All of this is to say that adoption is happening, albeit gradually. The middlemen and intermediaries of the financial world will not be replaced overnight. Moreover, the exact formation or architecture of the new financial system is impossible to predict with accuracy. However, it’s safe to say that blockchain will enable a financial system that is more efficient and yields more value-add to consumers, users, and investors.
RECOLLECTING 2019 CRYPTOCURRENCY TRENDS & LOOKING FORWARD TO 2020
Marie Tatibouet is the CMO at Gate.io
It has been a bold and progressive year for the digital asset market with exciting announcements flowing in from technology behemoths and government bodies around the world. However, Facebook’s launch announcement of Libra (though they are now facing regulatory issues) and China’s new cryptocurrency law caught all the attention, affecting the Bitcoin price, and the overall market sentiment.
In 2019, the global market saw several catalysts emerging for mainstream adoption despite increased scrutiny around several burning issues such as wash trading and security breaches. For over 400 cryptocurrency exchanges in the world, being able to constantly improve on aspects around user experience and fund security is the only way to be sustainable. However, only a handful have real trading volume and technical expertise to build strong trust in the community. For instance, global wash trading has been the hottest topic of discussion in 2019 but new rankings on CoinMarketCap clearly indicate that the industry is working towards eliminating market manipulation.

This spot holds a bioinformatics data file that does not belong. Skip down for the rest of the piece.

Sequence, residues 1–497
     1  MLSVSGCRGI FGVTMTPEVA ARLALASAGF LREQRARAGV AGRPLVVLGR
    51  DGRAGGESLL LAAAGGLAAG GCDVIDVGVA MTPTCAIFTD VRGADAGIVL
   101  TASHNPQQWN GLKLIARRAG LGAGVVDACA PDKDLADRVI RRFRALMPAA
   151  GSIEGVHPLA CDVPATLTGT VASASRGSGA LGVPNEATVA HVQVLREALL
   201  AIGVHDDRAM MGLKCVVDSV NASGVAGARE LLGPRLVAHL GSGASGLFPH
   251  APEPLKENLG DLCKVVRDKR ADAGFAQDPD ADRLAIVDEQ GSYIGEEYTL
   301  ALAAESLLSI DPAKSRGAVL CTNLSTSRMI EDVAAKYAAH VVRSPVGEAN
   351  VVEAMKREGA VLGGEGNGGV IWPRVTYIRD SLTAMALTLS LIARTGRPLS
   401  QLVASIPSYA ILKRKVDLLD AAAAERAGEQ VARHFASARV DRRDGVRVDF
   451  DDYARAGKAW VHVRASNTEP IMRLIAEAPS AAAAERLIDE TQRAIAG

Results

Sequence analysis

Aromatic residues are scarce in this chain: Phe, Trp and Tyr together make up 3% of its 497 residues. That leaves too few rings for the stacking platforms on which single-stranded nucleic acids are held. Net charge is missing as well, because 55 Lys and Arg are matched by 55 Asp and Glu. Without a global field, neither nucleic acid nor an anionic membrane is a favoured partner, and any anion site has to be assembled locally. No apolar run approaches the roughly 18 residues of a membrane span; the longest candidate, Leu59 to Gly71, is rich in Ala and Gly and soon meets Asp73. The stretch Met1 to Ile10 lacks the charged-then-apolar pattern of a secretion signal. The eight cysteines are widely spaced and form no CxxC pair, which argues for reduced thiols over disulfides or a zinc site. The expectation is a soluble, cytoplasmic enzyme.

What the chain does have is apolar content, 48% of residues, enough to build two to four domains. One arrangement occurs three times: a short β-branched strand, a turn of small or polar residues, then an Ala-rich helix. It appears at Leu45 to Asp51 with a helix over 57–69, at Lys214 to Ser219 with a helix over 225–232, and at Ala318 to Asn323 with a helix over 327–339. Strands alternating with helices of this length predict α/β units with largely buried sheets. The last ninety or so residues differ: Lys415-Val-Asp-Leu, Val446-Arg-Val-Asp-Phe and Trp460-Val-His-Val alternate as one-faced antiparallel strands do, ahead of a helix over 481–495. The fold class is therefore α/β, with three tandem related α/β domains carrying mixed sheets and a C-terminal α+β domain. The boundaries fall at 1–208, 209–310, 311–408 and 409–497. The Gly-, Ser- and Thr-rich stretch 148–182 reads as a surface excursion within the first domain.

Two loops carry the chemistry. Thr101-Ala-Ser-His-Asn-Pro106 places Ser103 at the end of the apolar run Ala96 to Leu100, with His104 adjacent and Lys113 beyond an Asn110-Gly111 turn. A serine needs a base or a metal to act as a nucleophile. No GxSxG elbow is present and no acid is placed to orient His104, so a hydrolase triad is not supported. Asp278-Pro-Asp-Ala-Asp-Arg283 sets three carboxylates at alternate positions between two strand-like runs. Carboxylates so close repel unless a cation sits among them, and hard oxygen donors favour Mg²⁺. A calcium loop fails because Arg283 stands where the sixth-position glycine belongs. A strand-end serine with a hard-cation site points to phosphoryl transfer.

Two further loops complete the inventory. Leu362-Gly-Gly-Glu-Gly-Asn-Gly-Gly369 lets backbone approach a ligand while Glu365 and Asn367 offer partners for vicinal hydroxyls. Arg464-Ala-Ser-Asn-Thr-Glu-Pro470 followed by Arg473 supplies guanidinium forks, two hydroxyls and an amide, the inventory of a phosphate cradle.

Looking back at 2019
In 2019, digital asset organisations have constantly innovated to attract users but at the same time, the trading process has become increasingly fragmented, spiking the time gap between new users becoming long-term users.
Holding & Lending Funds
Since 2014, the Bitcoin margin trading market has expanded from $10 million to $100 billion. Margin trading has been a great use case in the cryptocurrency space. Many exchanges launched the feature to provide diversity to the trading experience and attracting a huge amount of users to the platforms. It allows traders to multiply their profits on successful trades, providing a range of possibilities for both profits and losses.
Staking is a process where users can buy digital assets and earn interest by keeping (holding) them in a cryptocurrency wallet for a particular period of time. It has proved to be a strong use case for digital asset companies as it encourages user participation. In 2019, staking programs brought stable earnings for cryptocurrency investments made by the users. For instance, HODL & Earn launched by Gate.io in August 2019 has been bringing stable earnings for cryptocurrency investments made by its users. The competitive advantage for HODL & Earn is its annual interest rate, which is as high as 32%.